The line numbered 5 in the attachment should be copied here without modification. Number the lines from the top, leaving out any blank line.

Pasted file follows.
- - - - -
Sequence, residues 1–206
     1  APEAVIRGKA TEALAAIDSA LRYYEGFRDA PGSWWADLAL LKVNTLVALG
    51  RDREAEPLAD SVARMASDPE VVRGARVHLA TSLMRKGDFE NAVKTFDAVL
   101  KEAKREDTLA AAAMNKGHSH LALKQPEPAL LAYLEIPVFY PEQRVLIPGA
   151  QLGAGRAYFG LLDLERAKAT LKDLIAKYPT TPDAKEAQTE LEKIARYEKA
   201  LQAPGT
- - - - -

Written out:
   151  QLGAGRAYFG LLDLERAKAT LKDLIAKYPT TPDAKEAQTE LEKIARYEKA